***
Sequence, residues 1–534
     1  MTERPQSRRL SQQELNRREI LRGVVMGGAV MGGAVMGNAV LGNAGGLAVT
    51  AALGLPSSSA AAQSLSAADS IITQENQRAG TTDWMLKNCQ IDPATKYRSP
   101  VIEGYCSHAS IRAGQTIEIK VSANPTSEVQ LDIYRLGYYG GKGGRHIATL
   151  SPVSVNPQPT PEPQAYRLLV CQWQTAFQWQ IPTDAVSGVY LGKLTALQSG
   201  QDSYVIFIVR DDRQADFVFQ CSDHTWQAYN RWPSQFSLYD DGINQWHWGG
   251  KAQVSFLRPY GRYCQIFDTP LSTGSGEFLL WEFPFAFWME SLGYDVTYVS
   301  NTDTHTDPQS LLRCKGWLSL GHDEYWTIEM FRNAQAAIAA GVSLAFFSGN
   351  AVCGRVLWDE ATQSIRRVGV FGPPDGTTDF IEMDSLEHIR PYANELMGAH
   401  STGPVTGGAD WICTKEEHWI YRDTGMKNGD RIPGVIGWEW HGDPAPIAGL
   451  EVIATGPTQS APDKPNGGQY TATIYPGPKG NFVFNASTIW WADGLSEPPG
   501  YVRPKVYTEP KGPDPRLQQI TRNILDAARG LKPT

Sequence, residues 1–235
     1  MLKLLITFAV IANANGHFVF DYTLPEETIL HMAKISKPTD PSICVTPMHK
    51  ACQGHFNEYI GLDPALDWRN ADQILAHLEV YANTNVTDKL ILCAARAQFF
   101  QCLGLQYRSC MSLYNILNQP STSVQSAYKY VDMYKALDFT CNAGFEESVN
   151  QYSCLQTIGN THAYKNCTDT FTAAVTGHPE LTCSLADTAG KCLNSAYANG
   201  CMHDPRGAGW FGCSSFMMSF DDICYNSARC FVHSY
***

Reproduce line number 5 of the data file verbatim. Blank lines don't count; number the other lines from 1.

   151  SPVSVNPQPT PEPQAYRLLV CQWQTAFQWQ IPTDAVSGVY LGKLTALQSG